by Jack Santos | January 2, 2013 | Comments Off on Trends, Fads, and Strategy
What you can count on at the end of every year is “Year in Review”, and “Crystal Ball” type of articles, blog posts, etc. I suppose it gives one a sense of continuity and anchor on an annual basis.
In IT, and technology strategy in general, it often comes down to trying to divine the trends from the fads. This piece from the WSJ by Tom Davenport certainly focuses on that – Tom sets our minds at rest in proclaiming “Big Data” a trend, versus a fad.
So be it.
In my mind, its not so much whether a certain topic is a trend or a fad, but what the subtext is – and what are the underlying forces that may make a difference in how we make our companies, and ourselves, successful. This is true not only for the CEO or CIO, but for everyone in the enterprise – from the janitor on up (I used to say mail room; but with email, that is going the way of the horse and buggy).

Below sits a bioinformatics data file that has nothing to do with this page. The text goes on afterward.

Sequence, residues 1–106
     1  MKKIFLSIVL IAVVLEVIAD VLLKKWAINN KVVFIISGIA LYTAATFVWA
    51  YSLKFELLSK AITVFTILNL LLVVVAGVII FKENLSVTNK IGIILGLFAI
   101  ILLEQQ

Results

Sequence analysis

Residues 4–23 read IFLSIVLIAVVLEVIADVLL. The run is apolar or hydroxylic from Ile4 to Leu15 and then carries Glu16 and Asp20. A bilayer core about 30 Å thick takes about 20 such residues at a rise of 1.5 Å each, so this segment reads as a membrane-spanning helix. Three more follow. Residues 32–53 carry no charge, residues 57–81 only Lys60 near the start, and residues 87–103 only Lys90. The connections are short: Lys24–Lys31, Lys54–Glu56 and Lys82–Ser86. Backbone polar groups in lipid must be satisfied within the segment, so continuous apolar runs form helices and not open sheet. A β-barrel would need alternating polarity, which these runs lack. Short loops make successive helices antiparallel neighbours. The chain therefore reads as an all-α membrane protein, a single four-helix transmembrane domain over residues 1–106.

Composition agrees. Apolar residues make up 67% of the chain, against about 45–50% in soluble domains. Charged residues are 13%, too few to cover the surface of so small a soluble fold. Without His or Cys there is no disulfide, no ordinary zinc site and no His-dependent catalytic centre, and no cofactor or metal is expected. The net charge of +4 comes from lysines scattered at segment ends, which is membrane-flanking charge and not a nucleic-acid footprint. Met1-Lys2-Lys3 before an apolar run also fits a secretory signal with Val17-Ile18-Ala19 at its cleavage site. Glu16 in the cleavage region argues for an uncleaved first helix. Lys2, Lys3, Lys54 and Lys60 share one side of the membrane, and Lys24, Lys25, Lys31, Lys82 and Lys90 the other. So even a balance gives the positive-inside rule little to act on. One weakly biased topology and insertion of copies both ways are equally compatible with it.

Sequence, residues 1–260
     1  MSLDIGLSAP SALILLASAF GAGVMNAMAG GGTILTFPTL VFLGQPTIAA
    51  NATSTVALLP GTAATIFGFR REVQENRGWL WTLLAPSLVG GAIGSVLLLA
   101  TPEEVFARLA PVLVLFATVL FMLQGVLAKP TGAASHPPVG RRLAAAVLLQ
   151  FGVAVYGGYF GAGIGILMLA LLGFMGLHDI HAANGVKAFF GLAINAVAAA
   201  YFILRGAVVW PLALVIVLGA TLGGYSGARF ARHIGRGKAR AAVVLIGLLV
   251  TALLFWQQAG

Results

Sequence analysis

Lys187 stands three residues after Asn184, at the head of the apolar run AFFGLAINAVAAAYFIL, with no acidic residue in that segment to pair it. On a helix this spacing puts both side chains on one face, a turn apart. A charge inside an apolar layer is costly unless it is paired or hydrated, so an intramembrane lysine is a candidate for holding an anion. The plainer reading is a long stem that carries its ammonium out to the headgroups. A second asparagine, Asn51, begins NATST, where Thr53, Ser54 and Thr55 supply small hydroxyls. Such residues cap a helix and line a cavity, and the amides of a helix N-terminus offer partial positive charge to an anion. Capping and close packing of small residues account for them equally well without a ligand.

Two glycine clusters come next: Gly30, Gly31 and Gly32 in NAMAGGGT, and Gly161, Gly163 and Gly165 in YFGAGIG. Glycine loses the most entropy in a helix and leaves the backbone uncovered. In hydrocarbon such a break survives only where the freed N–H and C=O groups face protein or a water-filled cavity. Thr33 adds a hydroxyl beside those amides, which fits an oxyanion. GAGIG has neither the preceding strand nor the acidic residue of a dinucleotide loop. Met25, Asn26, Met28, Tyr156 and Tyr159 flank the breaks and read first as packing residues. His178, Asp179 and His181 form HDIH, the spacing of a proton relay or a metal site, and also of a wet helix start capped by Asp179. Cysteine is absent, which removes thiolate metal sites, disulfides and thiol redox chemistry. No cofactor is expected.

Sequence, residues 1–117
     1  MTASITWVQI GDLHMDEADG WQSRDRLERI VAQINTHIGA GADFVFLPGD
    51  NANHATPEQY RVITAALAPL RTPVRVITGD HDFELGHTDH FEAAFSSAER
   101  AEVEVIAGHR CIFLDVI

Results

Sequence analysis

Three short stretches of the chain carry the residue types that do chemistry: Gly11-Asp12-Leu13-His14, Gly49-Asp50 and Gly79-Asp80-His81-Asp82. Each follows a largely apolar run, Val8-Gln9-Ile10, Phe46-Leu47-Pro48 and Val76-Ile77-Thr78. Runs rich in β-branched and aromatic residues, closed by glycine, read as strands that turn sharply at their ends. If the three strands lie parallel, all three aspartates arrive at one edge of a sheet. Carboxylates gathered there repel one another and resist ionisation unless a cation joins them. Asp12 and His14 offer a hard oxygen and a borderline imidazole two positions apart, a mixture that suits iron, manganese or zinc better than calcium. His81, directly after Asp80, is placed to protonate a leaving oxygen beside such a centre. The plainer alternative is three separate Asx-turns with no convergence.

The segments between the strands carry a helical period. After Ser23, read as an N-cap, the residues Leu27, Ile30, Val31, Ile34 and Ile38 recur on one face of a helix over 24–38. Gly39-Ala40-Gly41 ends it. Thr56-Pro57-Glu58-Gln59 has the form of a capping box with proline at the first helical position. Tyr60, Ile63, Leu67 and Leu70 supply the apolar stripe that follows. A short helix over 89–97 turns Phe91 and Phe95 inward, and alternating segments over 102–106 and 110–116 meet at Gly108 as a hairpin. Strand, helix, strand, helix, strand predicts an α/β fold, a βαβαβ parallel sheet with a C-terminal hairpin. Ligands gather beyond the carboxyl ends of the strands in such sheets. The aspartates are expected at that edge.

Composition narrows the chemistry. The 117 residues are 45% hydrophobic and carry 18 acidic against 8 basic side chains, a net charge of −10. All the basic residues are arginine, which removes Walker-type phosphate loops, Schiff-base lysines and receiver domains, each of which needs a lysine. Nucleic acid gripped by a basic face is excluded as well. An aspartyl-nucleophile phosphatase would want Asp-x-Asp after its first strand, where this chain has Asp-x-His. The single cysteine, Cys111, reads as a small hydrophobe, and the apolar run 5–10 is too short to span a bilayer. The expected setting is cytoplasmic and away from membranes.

Trends and Fads (T&F) are just shorthand for our feeble minds – ways of thinking about, and remembering, potentially important things in our lives, meta-events – so to speak. It’s not the T&F itself – they are just sign posts – but the underlying implications that are important. Tie-dye, pet rocks, furbys – all fondly remembered as fads. But the implications (in order) – 60s upheaval, Luddite-like reaction to increasing game sophistication, and (conversely) the dawning of robotics in an early form…those were the underlying aspects of the fads that could be the subtext, and expose what we may call a trend, but is really an implication that will cause us to change our strategy, or our future actions.
You may even call it “searching for patterns”…. or paying attention to details.
What it came down to me, as a CIO , was priorities and timing. Paying attention to T&F was just a start. Realizing the underlying implications was the analysis. Setting priorities, planning , execution – that was the end game.
The current fads are Facebook, Linked in, and Twitter. The underlying trend is the growth of social media. Ari Herzog, A friend of mine, blogged about his take on these, and metaphors for them. It’s clear what he is going to do as a result of his assessment of these T&Fs.
So…T&F is nice…but the real question you should be asking yourself is: what does it mean, and what should you do?
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